My Kind of Country

Country music from a fan's point of view since 2008

Week ending 1/6/18: #1 singles this week in country music history

1958 (Sales): Great Balls of Fire — Jerry Lee Lewis (Sun) 

1958 (Disc Jockeys): The Story of My Life — Marty Robbins (Columbia)

1968: For Loving You — Bill Anderson & Jan Howard (Decca)

1978: Take This Job and Shove It — Johnny Paycheck (Epic)

1988: Somewhere Tonight — Highway 101 (Warner Bros.)

1998: Longneck Bottle — Garth Brooks (Capitol)

2008: Our Song — Taylor Swift (Big Machine)

2018: Meant To Be — Bebe Rexha featuring Florida Georgia Line (Big Machine)

2018 (Airplay): Like I Loved You — Brett Young (Big Machine)

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One response to “Week ending 1/6/18: #1 singles this week in country music history

  1. Ken January 8, 2018 at 3:07 pm

    As 1958 began the impact of rock & roll on country music was clearly apparent. Songs topping both of the country charts that week were far from traditional country. Matter of fact they were not even recorded in Nashville! “Great Balls Of Fire” Jerry Lee Lewis’ second hit was produced by Sam Phillips’ Sun Records in Memphis. Marty Robbins’ “The Story Of My Life” was produced by Mitch Miller at Columbia studios in New York City. Arranged by Ray Conniff (whose vocal group provided the background voices) Marty’s hit featured some of the best jazz and pop musicians of that era.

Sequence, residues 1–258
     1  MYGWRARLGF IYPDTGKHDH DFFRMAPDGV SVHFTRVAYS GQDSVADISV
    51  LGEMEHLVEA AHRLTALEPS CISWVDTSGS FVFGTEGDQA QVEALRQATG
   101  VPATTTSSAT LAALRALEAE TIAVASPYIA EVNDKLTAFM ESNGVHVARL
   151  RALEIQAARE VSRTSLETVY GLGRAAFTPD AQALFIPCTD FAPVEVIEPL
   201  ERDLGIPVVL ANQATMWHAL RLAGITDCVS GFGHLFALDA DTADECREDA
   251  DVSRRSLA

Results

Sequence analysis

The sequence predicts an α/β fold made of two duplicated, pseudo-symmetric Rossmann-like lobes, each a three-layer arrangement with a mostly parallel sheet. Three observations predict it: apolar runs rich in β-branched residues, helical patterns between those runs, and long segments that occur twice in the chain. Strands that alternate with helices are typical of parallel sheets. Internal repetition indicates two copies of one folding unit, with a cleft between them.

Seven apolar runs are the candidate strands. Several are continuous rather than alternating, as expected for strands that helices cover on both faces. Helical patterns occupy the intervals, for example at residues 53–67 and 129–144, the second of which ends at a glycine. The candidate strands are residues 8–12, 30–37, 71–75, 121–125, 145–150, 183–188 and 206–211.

Other songs inside the country top ten during the first week of 1958 included “My Special Angel” by Bobby Helms, “Jailhouse Rock / Treat Me Nice” by Elvis, “Wake Up Little Susie” by The Everly Brothers, “Raunchy” by Bill Justis and “Kisses Sweeter Than Wine” by Jimmie Rodgers. The most “country” sounding top ten song on either chart was Ray Price’s hit from the previous year “My Shoes Keep Walking Back To You”

    Crossover songs dominated the country charts for the rest of that year with additional hits by Elvis, The Everly Brothers, Marty Robbins, Johnny Cash, Jimmie Rodgers and newcomer Don Gibson. Not to mention teen idol Ricky Nelson who scored four top-ten singles on the country chart that year. Only Ray Price was able to score a #1 hit that year with a traditional country sounding record “City Lights”

    One thing was for certain – in 1958 country music was undergoing some major and drastic changes.

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